Instacart and its backers set the stage for an initial public offering that may value the grocery-delivery business at as much as $9.3 billion, less than a quarter of what it was worth at the height of the COVID-19 pandemic.
The company is seeking to raise as much as $616 million in what could still be one of the biggest initial public offerings of the year, possibly opening the door to a rebound in U.S. listings at a time when the market for them has been choppy.
The expected valuation is a significant decline from its last fundraising round, in 2021, which pegged the startup at as much as $39 billion.
At the time, Instacart was a pandemic darling, practically considered an essential service helping get food to people shuttered at home during lockdowns.
Since then, Instacart has seen a rapid slowdown in the growth of its core delivery business, and startup valuations have fallen more broadly as interest rates rose, making riskier investments less attractive.
The largest U.S. online grocery delivery company will offer 14.1 million new shares for $26 to $28 each, it said in a filing Monday.
Existing shareholders are selling 7.9 million shares at the same price.
Including stock options granted to employees and other factors, the company’s fully diluted valuation is $8.6 billion to $9.3 billion, based on Bloomberg News calculations.
The value isn’t finalized and could still move higher based on investor demand.
“The conservative pricing is a cautious approach to launching a roadshow in an uncertain market,” said Kyle Stanford, U.S. venture capital research analyst at PitchBook. An initial price that was “too aggressive” could hurt the company in the end, he said.
Instacart and Klaviyo, a marketing and data automation company that’s also listing soon, “need to be realistic about the market they’re entering, too. This isn’t the best time we’ve ever seen to go public, but if they are able to price the listings appropriately, and drive interest in their businesses, they can still have a well-performing entrance into the public markets.”
Founded in 2012, Instacart has been preparing to go public for years, hoping to capitalize on its pandemic star status and pole position in grocery delivery in the U.S.
Instead, as the virus waned and investors weighed the prospect of higher interest rates, inflation and a potential recession, Instacart slashed its internal valuation three times last year, to about $13 billion in October.
Chief Executive Fidji Simo, who replaced Instacart co-founder Apoorva Mehta in 2021, will have to convince investors of her strategy to pivot the company to focus on grocery technology over grocery delivery, taking advantage of the voluminous amount of consumer data it collects to help grocery stores sell more.
She has reconfigured the company’s business model to prioritize enterprise offerings and, in turn, has multiplied Instacart’s portfolio of products that it can sell to grocers: analytics software, fulfillment services, 15-minute delivery and advertising platforms.
By striking deals with brick-and-mortar supermarkets like Kroger and Wegmans for e-commerce tech, coupled with Instacart’s existing footprint online, Simo is betting the company will grow whether people are perusing the app at home or handpicking tomatoes in the store.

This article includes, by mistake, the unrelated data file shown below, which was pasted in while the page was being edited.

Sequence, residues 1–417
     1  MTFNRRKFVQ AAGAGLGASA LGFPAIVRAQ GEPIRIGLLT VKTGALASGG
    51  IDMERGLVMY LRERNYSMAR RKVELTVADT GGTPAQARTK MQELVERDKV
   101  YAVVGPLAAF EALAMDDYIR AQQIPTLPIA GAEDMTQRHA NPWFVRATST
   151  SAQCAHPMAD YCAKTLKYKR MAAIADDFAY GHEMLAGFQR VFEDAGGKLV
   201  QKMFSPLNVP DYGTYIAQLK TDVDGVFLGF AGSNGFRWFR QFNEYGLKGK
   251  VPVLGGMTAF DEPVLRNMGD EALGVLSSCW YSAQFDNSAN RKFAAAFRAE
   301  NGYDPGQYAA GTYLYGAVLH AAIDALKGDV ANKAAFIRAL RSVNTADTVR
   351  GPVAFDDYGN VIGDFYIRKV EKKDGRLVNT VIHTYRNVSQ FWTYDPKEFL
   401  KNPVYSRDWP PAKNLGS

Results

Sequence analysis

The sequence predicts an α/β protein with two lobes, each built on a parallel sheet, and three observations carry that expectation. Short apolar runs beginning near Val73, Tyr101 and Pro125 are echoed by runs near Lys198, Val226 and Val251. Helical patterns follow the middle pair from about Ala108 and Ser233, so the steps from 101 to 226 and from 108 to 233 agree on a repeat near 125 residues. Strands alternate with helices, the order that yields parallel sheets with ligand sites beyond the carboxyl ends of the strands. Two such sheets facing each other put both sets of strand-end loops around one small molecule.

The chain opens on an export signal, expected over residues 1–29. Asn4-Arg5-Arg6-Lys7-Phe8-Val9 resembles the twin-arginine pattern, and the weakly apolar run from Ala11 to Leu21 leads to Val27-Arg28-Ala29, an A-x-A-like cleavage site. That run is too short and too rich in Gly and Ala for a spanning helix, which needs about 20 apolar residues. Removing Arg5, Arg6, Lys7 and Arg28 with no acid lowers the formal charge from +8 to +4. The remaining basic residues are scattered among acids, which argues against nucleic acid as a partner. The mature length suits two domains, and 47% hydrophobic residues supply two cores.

The company has also explored tapping new income streams such as catering and stocking food for small- and midsize businesses like preschools and corporate offices, as well as a health care focus to deliver food and nutritional programs through hospitals, medical providers and insurers.
Orders on Instacart’s platform rose 18% to almost 263 million in 2022 but were virtually flat in the first half of 2023 compared with a year earlier, the company said in regulatory filings.
Instacart was able to become profitable last year thanks in part to a boost from advertising sales, which now account for nearly a third of the company’s total revenue.
San Francisco-based Instacart, which is incorporated as Maplebear and filed under that name, said revenue grew 31% to about $1.5 billion in the six months ended June 30.
It posted net income of $242 million for the first half of the year, compared with a loss of $74 million for the same period last year.
Profitability could bode well for Instacart as market sentiment has shifted and investors are less likely now to gloss over losses at startups chasing growth at all costs.
Instacart’s listing could help unstick the backlog of companies whose plans to go public have been stymied by the longest lull in U.S. listings since the financial crisis in 2009.
The largest of those is Arm Holdings, the semiconductor designer owned by SoftBank that’s planning to raise as much as $4.87 billion later this week.
That too is a steep reduction from the $64 billion SoftBank ascribed the business in filings and as much as $70 billion that Arm had been seeking earlier.
Others that have either already filed for IPOs or are pursuing them include Vietnam-based internet startup VNG and footwear maker Birkenstock.
In conjunction with Instacart’s IPO, PepsiCo is buying $175 million of its preferred convertible stock.
The company is considering pricing its listing Sept. 19, with trading starting the following day, Bloomberg News has reported previously.
Instacart’s largest investors include Sequoia Capital and D1 Capital Partners, according to the filing. Other investors have included Tiger Global Management and Coatue Management, according to PitchBook.
The IPO is being led by Goldman Sachs and JPMorgan Chase, with Bank of America, Barclays and Citigroup also participating along with 15 other underwriters.
The company plans for its shares to trade on the Nasdaq Global Select Market under the symbol CART.
Instacart plans to use most of its proceeds to satisfy obligations related to settling restricted stock units granted to employees.
The company has about $1.9 billion in total cash and cash equivalents as of the end of June.